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Deputy Prime Minister and Minister of Finance Chrystia Freeland tables the federal budget in the House of Commons in Ottawa on April 16.Adrian Wyld/The Canadian Press

Large real estate owners, private equity companies and other asset managers have been thrown into disarray after the federal government hiked capital-gains taxes, with companies unsure of their next steps and some rushing to close deals before the new tax regime goes into effect in late June.

The new measures announced in Tuesday’s budget will require businesses and individuals to pay tax on two-thirds of their capital-gains earnings, up from one half, when they sell their assets such as office buildings and stocks. The higher tax will chip away at their profits at a time they are dealing with the spike in borrowing costs.

“This is a pretty big change,” said John Lennard, a Stikeman Elliott partner and tax expert who works with companies and large institutional investors. “It affects essentially every type of company, right? Every type of corporation, individuals, anybody who holds capital property,” he said.

Mr. Lennard said Wednesday that he was already fielding calls from clients concerned that deals that were recently brokered will be subjected to the higher capital-gains rate that is set to take effect June 25. “Now they’re saying: ‘Well, let’s try to perhaps accelerate the closing,’” he said.

The proposed hike to the capital-gains tax set off a flurry of calls between private equity companies and their advisers, and raised concerns about competitiveness and investment returns.

In most cases, asset owners will be hard pressed to sell companies or other assets quickly enough to reap investment gains before the tax takes effect.

It takes time to market an asset. Prospective buyers typically get a minimum of 60 days to conduct the necessary due diligence. For example, in real estate, all types of work need to be completed such as structural engineering reports and environmental assessments.

“To run a process and actually get an asset disposed by June 25, you would have had to start the process months ago,” said Benjie Thomas, Canadian managing partner for KPMG’s advisory practice.

If a company or private equity company decides to put the asset up for sale, potential buyers would have the upper hand because they know the seller is trying to complete the sale by the end of June.

Mr. Thomas said “your value expectation might slightly change” if prospective buyers know a private equity owner is in a rush to sell.

“You’d have to basically sell the asset under fire-sale conditions, which is going to completely erode whatever tax advantage you get out of it,” said Carl Hinzmann, a tax specialist and partner at law firm Gowling WLG, who works with companies and investors.

Private equity and real estate executives said the higher capital-gains tax is counterproductive at a time when Canada is struggling to boost its productivity rate and seeking to attract more capital to invest in the country.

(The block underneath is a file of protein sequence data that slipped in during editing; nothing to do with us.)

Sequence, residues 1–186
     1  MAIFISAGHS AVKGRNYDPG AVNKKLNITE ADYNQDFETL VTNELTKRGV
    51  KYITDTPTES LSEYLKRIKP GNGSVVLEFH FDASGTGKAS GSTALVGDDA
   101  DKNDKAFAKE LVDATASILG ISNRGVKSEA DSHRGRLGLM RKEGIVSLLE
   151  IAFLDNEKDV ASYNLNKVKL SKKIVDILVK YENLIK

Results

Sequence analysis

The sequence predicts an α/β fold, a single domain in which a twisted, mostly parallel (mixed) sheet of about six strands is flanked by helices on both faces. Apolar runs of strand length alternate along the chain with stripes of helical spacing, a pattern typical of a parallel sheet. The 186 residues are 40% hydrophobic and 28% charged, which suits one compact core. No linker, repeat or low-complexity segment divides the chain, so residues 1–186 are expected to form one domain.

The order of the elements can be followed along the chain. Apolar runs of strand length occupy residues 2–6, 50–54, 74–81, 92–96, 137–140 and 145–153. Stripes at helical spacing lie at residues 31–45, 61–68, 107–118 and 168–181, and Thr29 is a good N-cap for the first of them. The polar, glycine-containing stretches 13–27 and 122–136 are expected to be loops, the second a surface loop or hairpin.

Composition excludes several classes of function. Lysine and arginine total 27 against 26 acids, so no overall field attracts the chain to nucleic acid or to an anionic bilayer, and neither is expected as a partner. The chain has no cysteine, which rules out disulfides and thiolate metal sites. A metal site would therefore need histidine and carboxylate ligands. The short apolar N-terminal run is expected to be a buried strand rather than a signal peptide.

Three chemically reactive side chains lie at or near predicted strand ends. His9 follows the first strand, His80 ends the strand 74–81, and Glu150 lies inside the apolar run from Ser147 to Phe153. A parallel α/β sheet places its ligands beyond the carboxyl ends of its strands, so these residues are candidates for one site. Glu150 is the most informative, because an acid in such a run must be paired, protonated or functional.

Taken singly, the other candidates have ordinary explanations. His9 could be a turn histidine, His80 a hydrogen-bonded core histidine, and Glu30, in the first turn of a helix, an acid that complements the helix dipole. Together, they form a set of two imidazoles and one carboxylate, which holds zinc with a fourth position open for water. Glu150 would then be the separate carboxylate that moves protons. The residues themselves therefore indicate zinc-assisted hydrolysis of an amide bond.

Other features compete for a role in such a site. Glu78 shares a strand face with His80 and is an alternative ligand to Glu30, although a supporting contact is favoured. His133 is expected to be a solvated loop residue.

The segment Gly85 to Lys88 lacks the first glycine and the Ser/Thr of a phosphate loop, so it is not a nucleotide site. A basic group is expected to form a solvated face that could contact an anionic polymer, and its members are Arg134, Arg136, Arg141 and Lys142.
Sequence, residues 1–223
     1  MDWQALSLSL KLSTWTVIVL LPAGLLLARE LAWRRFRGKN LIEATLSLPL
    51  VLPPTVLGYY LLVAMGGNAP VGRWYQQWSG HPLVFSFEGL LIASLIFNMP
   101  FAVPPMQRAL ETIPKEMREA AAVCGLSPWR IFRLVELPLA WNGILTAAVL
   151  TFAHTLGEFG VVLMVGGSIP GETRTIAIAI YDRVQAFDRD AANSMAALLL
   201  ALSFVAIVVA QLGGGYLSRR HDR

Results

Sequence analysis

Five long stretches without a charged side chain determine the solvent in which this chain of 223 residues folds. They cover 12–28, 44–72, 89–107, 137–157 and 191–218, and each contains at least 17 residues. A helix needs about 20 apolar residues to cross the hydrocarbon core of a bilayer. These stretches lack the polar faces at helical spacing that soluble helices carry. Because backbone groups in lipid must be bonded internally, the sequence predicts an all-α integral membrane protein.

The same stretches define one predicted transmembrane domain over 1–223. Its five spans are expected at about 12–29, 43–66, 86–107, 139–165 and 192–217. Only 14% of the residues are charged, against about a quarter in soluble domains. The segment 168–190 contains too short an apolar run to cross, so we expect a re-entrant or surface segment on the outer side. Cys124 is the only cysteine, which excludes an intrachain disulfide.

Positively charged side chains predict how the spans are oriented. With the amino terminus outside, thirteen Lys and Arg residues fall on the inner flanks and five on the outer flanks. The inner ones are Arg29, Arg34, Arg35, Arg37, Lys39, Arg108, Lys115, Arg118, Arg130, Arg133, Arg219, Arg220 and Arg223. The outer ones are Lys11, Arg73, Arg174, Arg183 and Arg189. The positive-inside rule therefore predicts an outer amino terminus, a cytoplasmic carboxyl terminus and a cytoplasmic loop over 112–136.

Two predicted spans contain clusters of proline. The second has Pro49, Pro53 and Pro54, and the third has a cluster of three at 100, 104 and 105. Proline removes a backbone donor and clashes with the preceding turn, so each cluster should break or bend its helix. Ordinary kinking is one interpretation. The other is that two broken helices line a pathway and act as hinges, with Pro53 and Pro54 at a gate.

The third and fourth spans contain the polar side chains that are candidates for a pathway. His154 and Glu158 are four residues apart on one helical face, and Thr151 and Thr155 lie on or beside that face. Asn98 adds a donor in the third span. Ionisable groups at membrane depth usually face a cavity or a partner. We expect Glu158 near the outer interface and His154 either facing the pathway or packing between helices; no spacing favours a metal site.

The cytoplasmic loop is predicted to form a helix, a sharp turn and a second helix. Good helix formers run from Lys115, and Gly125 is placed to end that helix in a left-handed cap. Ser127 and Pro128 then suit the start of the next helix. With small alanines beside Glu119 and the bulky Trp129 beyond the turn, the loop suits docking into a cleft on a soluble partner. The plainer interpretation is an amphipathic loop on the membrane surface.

Gordon Chu, a partner in the Toronto M&A tax practice at KPMG, fielded a call on Wednesday from a large U.S. private equity client that has made infrastructure investments in Canada and has live deals in the works.

“Now, they’re re-evaluating, well, maybe we don’t do these projects. Or maybe the margins aren’t as safe as they were before,” Mr. Chu said. “Those are real conversations which are happening in real time.”

Veronica Green, a vice-president with Slate Asset Management, a real estate and investment company, said the new tax was “not good for the Canadian economy, and all real estate owners.”

“If I’m a business and I’m making less money, then that’s not a good thing,” she said. “That’s less money I have to pay my employees, reinvest in my company and also pay rent.”

The federal government’s surprise budget announcement could further slow sales of office buildings, apartment buildings, warehouses and other types of commercial property at a time when activity has been hit hard by higher borrowing costs. It could also further slow the private equity market.

“It’s not going to be a direct drive that they increase the capital-gains tax and now we’re losing all our investment and money’s not coming to Canada. But I would say we are marching down the path of making Canada not as attractive as other jurisdictions,” said Grant McGlaughlin, partner and co-leader of the private equity practice at Fasken Martineau DuMoulin LLP.

Some experts have predicted a rebound in deal-making as central banks signal that rate cuts could start later this year. But owners that can’t meet the June deadline to sell assets may instead wait to see how the changes play out before making business decisions.

The proposed new tax “is just something else that’s put a knot in the wheel,” Mr. Thomas said. “We’re going to lose momentum versus gain momentum.”

Finance Minister Chrystia Freeland's latest budget projects spending of $535 billion this year, with a deficit of $39.8 billion. She says the spending plan is aimed at creating generational fairness, which will be funded, in part, by changes to capital gains taxes. (April 16, 2024)

The Canadian Press

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